My approach for this mock draft was to sacrifice quarterback and potentially tight end and wait for those positions with late-round picks. I wanted as much talent as possible at running back and receiver, and accomplished that goal.
Picking at No. 3 overall, I started my team with Alvin Kamara, A.J. Green, Amari Cooper, Miles Sanders, Tevin Coleman and Will Fuller with my first six picks. Kamara, Green and Cooper were easy choices, but I struggled with the Sanders and Coleman selections.
One of my favorite players this year, Engram, was available in Round 4 and 5, but I passed on him for the depth at running back. I ended up with Austin Hooper in Round 11, and we'll see if I made the right choice.
I had another tough call in Round 7, and was looking at running back again here. My choices were LeSean McCoy, Ito Smith and Carlos Hyde, and I went with McCoy because, if healthy, he should get the most touches of this trio. I do like Smith in his role with the Falcons, and I wouldn't be shocked if Hyde is the best running back for the Chiefs.
But in a larger league, I went the safe route with my No. 4 running back and took McCoy. Part of my thought process was Sanders is a rookie in a likely timeshare with the Eagles, and Coleman should be in a committee with the 49ers, so I might need McCoy's guaranteed workload.
Coleman's situation looks better with Matt Breida (torn pectoral) hurt, and Jerick McKinnon still not all the way back from last year's torn ACL. We did this draft prior to the news of Breida's injury, which is why I drafted him in Round 8. He's expected to be fine for training camp, and Breida could emerge as the handcuff to Coleman.
Some of the gambles I took on players who I love with late-round picks included Justice Hill in Round 9, DaeSean Hamilton in Round 10 and Deebo Samuel in Round 13. Hill should be a solid complement to Mark Ingram in Baltimore's run-heavy offense, and Hamilton (Denver) and Samuel (San Francisco) could emerge as the best receivers in their offenses.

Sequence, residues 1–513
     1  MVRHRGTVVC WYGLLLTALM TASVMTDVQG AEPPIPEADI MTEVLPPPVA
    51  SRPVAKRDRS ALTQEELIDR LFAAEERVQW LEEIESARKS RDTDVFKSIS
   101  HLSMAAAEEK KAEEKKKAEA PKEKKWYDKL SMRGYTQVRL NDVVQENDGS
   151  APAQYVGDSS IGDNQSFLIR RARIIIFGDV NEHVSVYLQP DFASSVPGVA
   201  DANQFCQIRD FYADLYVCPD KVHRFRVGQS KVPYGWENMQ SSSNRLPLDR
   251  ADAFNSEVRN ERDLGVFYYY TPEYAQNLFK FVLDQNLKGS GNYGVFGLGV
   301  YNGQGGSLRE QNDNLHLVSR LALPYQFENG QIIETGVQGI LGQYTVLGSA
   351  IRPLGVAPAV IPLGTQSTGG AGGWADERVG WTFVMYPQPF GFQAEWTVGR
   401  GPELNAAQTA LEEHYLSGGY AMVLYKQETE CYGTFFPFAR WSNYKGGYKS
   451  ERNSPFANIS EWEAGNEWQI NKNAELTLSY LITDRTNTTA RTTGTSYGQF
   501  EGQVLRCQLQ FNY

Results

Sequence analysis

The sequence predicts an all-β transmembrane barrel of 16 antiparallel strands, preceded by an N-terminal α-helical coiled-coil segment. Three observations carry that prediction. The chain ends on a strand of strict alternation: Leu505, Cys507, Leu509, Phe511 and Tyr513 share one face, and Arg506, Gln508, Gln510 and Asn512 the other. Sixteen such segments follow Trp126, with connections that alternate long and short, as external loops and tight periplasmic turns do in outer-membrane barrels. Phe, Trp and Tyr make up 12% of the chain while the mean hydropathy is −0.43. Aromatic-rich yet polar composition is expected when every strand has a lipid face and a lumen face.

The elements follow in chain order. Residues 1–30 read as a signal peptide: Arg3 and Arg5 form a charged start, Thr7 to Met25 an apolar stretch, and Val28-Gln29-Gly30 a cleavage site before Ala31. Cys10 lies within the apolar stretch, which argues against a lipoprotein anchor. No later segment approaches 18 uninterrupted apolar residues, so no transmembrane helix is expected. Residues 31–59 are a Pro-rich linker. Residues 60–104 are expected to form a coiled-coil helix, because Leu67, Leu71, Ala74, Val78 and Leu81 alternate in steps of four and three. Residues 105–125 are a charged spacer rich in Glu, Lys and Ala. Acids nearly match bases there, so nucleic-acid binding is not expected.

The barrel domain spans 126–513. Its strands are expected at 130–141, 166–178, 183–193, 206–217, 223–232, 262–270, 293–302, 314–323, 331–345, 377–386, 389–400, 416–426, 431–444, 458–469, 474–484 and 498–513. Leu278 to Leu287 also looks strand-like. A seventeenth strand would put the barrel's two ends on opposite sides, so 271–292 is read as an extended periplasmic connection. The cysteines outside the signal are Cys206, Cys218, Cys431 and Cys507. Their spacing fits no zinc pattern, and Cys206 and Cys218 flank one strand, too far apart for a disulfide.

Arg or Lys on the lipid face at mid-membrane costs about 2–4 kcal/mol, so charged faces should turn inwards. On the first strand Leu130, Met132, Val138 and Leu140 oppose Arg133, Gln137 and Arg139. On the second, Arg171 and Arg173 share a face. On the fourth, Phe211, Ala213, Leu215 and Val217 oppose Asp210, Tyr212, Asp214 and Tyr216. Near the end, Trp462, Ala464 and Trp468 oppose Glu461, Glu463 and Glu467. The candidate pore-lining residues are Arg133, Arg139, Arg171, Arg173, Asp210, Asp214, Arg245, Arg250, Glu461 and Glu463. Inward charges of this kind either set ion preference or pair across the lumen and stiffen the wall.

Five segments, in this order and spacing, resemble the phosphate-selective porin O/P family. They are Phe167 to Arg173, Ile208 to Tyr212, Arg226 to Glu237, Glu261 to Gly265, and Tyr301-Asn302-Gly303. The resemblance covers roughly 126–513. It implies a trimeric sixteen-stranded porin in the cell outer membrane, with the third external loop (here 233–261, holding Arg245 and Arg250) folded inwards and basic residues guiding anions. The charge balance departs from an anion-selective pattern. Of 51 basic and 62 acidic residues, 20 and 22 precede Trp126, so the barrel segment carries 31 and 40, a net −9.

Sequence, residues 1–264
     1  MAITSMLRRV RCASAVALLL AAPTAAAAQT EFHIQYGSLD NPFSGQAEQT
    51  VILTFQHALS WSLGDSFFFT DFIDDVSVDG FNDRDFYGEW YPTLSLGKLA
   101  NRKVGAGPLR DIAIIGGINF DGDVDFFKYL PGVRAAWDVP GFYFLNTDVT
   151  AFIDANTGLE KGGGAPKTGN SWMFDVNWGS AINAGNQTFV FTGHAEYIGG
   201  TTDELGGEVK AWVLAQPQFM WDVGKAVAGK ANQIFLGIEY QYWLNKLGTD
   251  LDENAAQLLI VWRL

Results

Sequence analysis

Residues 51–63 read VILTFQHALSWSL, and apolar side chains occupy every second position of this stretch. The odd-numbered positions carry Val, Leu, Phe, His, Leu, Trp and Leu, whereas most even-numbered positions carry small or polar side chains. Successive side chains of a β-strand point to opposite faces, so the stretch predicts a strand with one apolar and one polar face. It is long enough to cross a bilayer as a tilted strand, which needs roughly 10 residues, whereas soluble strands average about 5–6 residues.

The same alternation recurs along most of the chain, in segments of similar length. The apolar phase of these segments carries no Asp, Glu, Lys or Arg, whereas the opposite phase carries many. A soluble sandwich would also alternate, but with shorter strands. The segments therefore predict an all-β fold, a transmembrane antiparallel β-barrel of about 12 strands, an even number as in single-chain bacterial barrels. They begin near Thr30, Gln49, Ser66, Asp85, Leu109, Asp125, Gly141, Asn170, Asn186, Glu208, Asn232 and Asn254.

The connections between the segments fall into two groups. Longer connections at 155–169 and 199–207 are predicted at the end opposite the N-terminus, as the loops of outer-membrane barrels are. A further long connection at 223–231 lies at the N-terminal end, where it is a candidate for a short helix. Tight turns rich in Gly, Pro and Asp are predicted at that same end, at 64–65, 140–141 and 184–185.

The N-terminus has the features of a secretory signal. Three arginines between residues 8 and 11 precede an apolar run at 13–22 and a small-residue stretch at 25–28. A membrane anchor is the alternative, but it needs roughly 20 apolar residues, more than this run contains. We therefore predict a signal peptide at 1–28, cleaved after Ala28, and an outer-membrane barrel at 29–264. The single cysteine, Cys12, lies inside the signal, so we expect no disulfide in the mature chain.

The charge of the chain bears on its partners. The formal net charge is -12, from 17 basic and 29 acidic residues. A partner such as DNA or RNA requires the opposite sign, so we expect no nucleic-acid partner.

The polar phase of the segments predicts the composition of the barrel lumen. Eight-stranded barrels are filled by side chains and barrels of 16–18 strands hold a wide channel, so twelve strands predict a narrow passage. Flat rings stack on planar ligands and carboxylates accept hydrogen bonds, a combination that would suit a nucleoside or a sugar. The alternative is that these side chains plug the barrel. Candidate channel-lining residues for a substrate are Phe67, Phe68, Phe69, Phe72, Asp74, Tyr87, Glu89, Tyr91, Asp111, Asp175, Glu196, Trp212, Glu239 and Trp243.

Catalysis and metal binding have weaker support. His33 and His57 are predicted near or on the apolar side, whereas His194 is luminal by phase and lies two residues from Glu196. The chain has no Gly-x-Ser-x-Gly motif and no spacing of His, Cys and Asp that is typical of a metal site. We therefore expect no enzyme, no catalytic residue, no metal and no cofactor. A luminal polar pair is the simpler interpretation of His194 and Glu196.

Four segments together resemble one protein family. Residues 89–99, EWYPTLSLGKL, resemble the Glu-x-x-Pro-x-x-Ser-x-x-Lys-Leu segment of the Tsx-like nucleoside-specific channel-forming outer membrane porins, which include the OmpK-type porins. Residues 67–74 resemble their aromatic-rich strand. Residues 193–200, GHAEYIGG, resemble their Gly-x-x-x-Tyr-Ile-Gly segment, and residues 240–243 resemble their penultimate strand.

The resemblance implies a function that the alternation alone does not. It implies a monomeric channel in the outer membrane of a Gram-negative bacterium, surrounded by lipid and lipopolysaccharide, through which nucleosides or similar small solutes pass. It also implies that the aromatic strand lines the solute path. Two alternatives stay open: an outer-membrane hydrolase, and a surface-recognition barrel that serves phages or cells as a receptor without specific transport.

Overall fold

I was also able to wait on quarterback and still get someone I like a lot in Jimmy Garoppolo in Round 12. He's expected to be fine coming back from last year's torn ACL, and he has the potential to be a No. 1 Fantasy quarterback in all leagues this season.
In this league, all touchdowns are worth six points, and we award one point for every 10 yards rushing and receiving and one point for every 25 yards passing. We feature a starting lineup of QB, 2 RB, 2 WR, TE, FLEX (RB/WR/TE), K and DST. There also are six reserve spots for a 15-round draft.
Our draft order is as follows:
- Ben Gretch, Fantasy Editor
- Jack Capotorto, CBS Sports HQ Producer
- Jamey Eisenberg, Senior Fantasy Writer
- Heath Cummings, Senior Fantasy Writer
- Will Brinson, NFL Writer
- Dave Richard, Senior Fantasy Writer
- Meron Berkson, CBS Sports HQ Producer
- Adam Aizer, Podcast Host
- Chris Towers, Senior Editor, Fantasy
- Jeremy Bache, Fantasy Sales Coordinator
- George Maselli, Fantasy Editor
- Chris Hassel, CBS Sports HQ Host
- R.J. White, NFL Editor
- Andrew Baumhor, CBS Sports HQ Producer